We keep adding sap until there is enough 'almost-there' syrup for about three gallons. Straining the syrup can be a pain, as there is this "sugar sand" sediment that quickly clogs a fine cloth. We strain through a coarse cloth and accept a bit of sediment..

 How do you know when it's ready? Well, there are a few ways, but I generally just use a good ol' spoon. I keep boiling the syrup down slowly on the stove until I feel the consistency is about right.. It's not the best method for long-term storage, but we will be using this up within the next year, so I'm not overly concerned about it.

 There we have it! We're up to nearly 6 gallons of syrup for the year, and it's still coming. It's been a pretty good season for us! 

Hope that little insight inspires the curious among you to give it a try!

Thanks for stopping by!


Monday, April 8, 2013

Sorry March, I forgot about you...

Well March, sorry for completely forgetting about your existence. I'd like to say I was really busy, but I can't really think of any watertight excuses to back that statement with. That being admitted, however, I can say that my 'short story ideas' folder, is quite plump, my pile of reading material all mostly read and my current works in progresses are all receiving a lot of my attention lately. I know I said you would see more of me after my last manuscript was finished... I guess I lied.

The truth is, this winter is taking so dadgone long that I fear I've slipped into a creative fantasy dream-land, not much unlike a hibernating bear awaiting spring. However, I think my daily walk, drinking sap, smelling the woodsmoke of the maple syrup, hearing the gurgle of the creek again and  the general chatter of life returning to the barnyard and woods, is helping me to wake up.

 Here's some pictures:

Recent spring snowstorm. Pretty ...but I struggle to admit it. ;)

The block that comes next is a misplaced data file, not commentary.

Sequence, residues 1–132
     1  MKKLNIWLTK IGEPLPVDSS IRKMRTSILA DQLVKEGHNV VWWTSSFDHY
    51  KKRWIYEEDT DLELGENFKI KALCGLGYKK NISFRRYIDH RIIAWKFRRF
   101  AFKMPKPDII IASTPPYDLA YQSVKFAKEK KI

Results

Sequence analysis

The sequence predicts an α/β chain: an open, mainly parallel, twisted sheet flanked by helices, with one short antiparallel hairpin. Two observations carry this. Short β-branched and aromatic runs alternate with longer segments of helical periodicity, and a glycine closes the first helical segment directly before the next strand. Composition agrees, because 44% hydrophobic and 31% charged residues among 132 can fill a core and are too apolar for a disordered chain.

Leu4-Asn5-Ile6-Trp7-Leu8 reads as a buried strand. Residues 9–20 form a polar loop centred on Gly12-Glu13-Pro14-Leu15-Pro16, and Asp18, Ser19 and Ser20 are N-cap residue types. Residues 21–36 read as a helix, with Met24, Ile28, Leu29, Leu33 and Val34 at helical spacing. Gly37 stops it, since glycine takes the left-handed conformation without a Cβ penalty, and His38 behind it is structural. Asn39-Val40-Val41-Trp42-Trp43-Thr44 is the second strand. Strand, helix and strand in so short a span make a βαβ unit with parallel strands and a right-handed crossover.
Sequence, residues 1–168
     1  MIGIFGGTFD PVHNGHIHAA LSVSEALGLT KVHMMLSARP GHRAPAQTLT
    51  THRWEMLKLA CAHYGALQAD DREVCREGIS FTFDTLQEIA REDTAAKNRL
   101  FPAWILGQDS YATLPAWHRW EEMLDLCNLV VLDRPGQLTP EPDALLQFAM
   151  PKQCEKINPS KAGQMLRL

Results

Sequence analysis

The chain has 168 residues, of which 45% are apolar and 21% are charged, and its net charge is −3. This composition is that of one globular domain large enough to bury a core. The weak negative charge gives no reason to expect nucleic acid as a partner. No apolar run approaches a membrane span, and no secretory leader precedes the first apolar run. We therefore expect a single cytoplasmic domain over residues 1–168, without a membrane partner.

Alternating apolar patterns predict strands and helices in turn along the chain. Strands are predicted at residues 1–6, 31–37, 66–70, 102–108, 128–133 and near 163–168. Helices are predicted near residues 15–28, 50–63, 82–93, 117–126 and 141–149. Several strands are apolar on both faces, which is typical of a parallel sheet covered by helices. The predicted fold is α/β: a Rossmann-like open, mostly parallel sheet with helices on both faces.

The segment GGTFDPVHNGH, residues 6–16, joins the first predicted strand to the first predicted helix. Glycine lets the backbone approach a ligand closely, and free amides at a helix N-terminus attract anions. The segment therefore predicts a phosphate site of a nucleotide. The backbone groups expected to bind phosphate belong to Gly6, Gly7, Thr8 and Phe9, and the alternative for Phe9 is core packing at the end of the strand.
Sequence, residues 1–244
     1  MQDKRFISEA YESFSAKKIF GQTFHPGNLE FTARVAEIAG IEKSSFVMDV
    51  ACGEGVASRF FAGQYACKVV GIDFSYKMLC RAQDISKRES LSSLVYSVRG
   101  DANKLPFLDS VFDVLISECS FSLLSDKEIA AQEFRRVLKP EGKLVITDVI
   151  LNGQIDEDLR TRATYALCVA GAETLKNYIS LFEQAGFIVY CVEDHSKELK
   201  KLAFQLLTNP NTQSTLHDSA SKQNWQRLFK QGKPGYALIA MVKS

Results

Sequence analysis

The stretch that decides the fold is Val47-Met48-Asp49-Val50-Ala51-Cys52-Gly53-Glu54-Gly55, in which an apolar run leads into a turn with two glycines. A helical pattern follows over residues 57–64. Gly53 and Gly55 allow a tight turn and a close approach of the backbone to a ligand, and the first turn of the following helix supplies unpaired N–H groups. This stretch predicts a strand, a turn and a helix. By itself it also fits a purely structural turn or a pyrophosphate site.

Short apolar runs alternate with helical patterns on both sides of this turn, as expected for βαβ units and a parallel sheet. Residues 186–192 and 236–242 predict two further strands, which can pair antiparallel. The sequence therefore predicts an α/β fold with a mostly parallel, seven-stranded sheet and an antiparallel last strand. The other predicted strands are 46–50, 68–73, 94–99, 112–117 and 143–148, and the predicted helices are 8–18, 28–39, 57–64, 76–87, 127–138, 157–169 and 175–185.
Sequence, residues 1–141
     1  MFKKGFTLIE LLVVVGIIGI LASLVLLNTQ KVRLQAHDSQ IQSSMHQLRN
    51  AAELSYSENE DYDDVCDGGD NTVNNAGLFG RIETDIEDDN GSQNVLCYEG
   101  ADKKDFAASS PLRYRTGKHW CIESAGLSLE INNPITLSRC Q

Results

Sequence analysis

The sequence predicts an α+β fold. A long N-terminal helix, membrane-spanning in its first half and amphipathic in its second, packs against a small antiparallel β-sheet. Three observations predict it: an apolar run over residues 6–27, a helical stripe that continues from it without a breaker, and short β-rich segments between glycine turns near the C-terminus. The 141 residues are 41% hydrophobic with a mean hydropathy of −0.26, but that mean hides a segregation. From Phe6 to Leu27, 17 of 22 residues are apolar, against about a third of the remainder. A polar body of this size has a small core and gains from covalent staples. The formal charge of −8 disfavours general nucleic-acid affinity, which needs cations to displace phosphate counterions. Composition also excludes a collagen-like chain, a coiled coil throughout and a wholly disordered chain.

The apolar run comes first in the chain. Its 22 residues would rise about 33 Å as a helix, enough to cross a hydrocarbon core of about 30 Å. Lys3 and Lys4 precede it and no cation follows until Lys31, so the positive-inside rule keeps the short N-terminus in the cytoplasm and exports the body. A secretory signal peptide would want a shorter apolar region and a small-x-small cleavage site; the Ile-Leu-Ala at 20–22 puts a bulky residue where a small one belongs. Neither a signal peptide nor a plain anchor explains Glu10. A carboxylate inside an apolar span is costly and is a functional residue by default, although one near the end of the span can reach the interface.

Theresa's curly mare is expecting a spring baby!

 And pray tell, what does this butt belong too?

Yay! Two very colorful baby goats! So fun. :) 

And the best part? They're sisters; both girls!
 And they like cats. :)

The scene of my daily walk. I have company on most days, but even those days when the weather is really bad, Kady is always faithful enough to accompany me and her puppy playfulness and enthusiasm helps me to find joy in every kind of weather. :)

The sap season has been frustratingly on and off this year. We have a good week and then another cold week, then it warms up and flows again. But through all the on and off, it's looking like a good year.
 We've already put up a few gallons and we're still burning.

End of the season hat fashion show got the rest of Annie's inventory of newsboy hats listed.

 Check out all the pretty hats, girls and cats in the new hat listings HERE. ;)

The warmer days offer us the opportunity to make music in the studio without needing to make a fire to heat the room first.

Plugged-in ear protection allows Andrew to play full-out on his drums while allowing us to still hear ourselves and preserve our hearing. It's pretty wild fun stuff, that happens out there... :)

Rockstar warning... Coming back to the house with 'da bass'.

Easter was a knock out day for my sweet tooth, so I guess that makes it a success right? Annie and I put together baskets of homemade gifts and goodies for Johnny and Donna (in our typical fashion, we didn't begin work on them until Easter...).

 The shop work continues...
Mike's carving out one of his Lord of the Ring's swords. When he's finished, Annie will wood burn the Elvish runes on it, somebody will wax it and Dad will package and ship it to a lucky new owner!

 Steven has been reintroducing his calf back into the pen with the big girls in order to empty out the barn stalls for the expectant Mommas. I swear, his interaction with his big-eyed calf would melt the stoniest heart. ;)

Cat friends.

Flying baby goat.

"dis a' my barn!"

For those of you who didn't see this back when I shared it on facebook, this is one of many shirts I re-fabricated for Donna's new wardrobe. It's really fun and satisfying to recycle clothes (I'm also working on a quilt and a rug with recycled materials), but just so you can't say I didn't warn you: recycling can also be overwhelming and time consuming. But look at that proud smile...
The faithful farm watch dog watches the sun set on one of those 'false-spring alarm' days.

 Okay, that's all for now. I've got to go work out the climax on my latest work in progress. Somebody wake me up when spring gets here, okay? And this time for real... getting downright tired of all of these false alarms. :-P